What kind of hobbies do you have? Do you play any instruments or know any other language? What about turning that skill into a service you can offer for a fee? Create an ad on sites like Fiverr or Gigbucks¬†and reach out to people. Alternatively, let your friends know of your intentions and offer to mow their lawn, baby-sit, pet-sit, give private lessons…. NZ is famous for its DIY mentality but not everyone has the luxury of time these days, so take advantage of that if you have lots of spare time on your hands. Do extra shifts at work or you can even go a step further and take up a second job.¬†Got a spare room but don’t actually feel like taking up a flat mate? List it on Airbnb¬†and host guests travelling to your location.

4. Cut down to the bare necessities

Ok, making more money can be quite challenging. What about spending less then? Make your meals ahead of time and instead of buying lunch, take it from home. Change your internet/mobile plans or provider for a cheaper option, switch power companies, take shorter showers, walk to work or carpool. Go a semester or even a whole year without buying any new clothes/shoes. Reduce the amount of nights out or define a budget for when you’re having drinks with friends and stick to it. Favour free activities over paid events. Grow your own vegetables, stock up on groceries on special, join loyalty programs so you can pay discounted prices, shop smart. Pay your bills on time and setup direct debt/online billing as most companies offer nice discounts when doing that. Exercise outdoors or at home instead of joining a gym. I always joke that you should shower at the gym if you’re paying for a membership just to get your money’s worth but we all know there’s some truth in that. Always carry a full, re-usable water bottle with you. Instead of buying books and magazines, borrow them from the nearest library. Don’t pay for cable, Netflix is coming to NZ early next year (if you’re with Slingshot, you can access it now). Put a strategy in place that works for you and always keep your end goal in sight. ¬† ¬†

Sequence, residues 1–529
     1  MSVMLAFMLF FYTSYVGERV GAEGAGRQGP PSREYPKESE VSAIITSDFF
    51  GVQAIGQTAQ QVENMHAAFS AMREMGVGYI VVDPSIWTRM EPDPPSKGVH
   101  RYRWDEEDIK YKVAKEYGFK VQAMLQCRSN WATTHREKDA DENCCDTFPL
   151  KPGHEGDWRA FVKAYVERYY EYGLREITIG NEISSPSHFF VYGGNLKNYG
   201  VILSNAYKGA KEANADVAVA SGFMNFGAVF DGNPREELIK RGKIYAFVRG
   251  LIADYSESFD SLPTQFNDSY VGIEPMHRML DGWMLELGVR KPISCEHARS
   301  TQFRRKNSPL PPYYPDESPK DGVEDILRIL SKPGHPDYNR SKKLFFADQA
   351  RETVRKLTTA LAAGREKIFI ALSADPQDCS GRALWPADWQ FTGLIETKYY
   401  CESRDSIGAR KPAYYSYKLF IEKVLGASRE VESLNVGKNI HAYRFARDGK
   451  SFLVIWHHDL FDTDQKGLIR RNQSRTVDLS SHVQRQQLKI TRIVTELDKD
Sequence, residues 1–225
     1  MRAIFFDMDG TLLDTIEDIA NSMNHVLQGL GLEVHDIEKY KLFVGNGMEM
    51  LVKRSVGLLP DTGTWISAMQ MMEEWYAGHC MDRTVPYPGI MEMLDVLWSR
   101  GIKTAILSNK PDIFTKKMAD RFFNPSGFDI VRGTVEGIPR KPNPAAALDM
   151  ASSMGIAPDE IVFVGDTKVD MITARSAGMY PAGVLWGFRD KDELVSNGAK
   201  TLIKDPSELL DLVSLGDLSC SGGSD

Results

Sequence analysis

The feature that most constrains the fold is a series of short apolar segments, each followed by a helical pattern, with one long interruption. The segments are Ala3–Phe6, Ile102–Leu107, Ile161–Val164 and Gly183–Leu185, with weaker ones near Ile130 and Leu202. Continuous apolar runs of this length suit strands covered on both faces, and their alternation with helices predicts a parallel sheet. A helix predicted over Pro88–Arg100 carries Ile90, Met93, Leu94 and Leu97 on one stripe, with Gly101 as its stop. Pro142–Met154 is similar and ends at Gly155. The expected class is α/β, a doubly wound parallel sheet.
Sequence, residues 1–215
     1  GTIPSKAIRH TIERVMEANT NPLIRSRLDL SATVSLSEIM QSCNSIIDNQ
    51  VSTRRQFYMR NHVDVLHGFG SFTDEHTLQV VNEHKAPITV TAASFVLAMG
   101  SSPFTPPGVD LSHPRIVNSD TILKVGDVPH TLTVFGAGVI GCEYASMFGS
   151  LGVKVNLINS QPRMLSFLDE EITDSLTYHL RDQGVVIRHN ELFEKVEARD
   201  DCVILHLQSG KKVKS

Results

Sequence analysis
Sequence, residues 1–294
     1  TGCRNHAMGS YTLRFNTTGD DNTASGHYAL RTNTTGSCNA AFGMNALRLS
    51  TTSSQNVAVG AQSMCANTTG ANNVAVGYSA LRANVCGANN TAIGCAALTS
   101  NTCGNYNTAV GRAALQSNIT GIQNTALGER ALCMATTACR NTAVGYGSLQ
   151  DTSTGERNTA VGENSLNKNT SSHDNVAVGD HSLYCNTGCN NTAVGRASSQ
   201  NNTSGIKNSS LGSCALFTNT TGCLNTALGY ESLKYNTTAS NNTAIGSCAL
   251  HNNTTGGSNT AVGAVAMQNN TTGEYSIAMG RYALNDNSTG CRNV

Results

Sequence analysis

Sometimes we waste so much time creating excuses to justify why we can’t do something that we forget so many people actually just do them. I’ve done them, five years ago, out of necessity. Now I’m saving money because travelling is my priority but it takes discipline, commitment and creativity. What about you? What do you do when you need/want to save money? Feel free to leave a comment and share it with me.

(Photos by: 1. Austin Ban & 2. Jonas Nilsson Lee.)

5 steps to planning a trip on a budget

sylwiabartyzel

 

December seems very promising and exciting but it’s hard not to think ahead and daydream about the new year that’s fast approaching. I used to keep long lists of resolutions and goals but nowadays, I prefer to focus on a single word. The word I’ve chosen for 2015 is explore. I want to explore new ideas, different skills, new paths and possibilities. And, of course, new places. With that in mind, I put together a short list of 5 steps to planning a trip on a budget I hope you’ll find useful.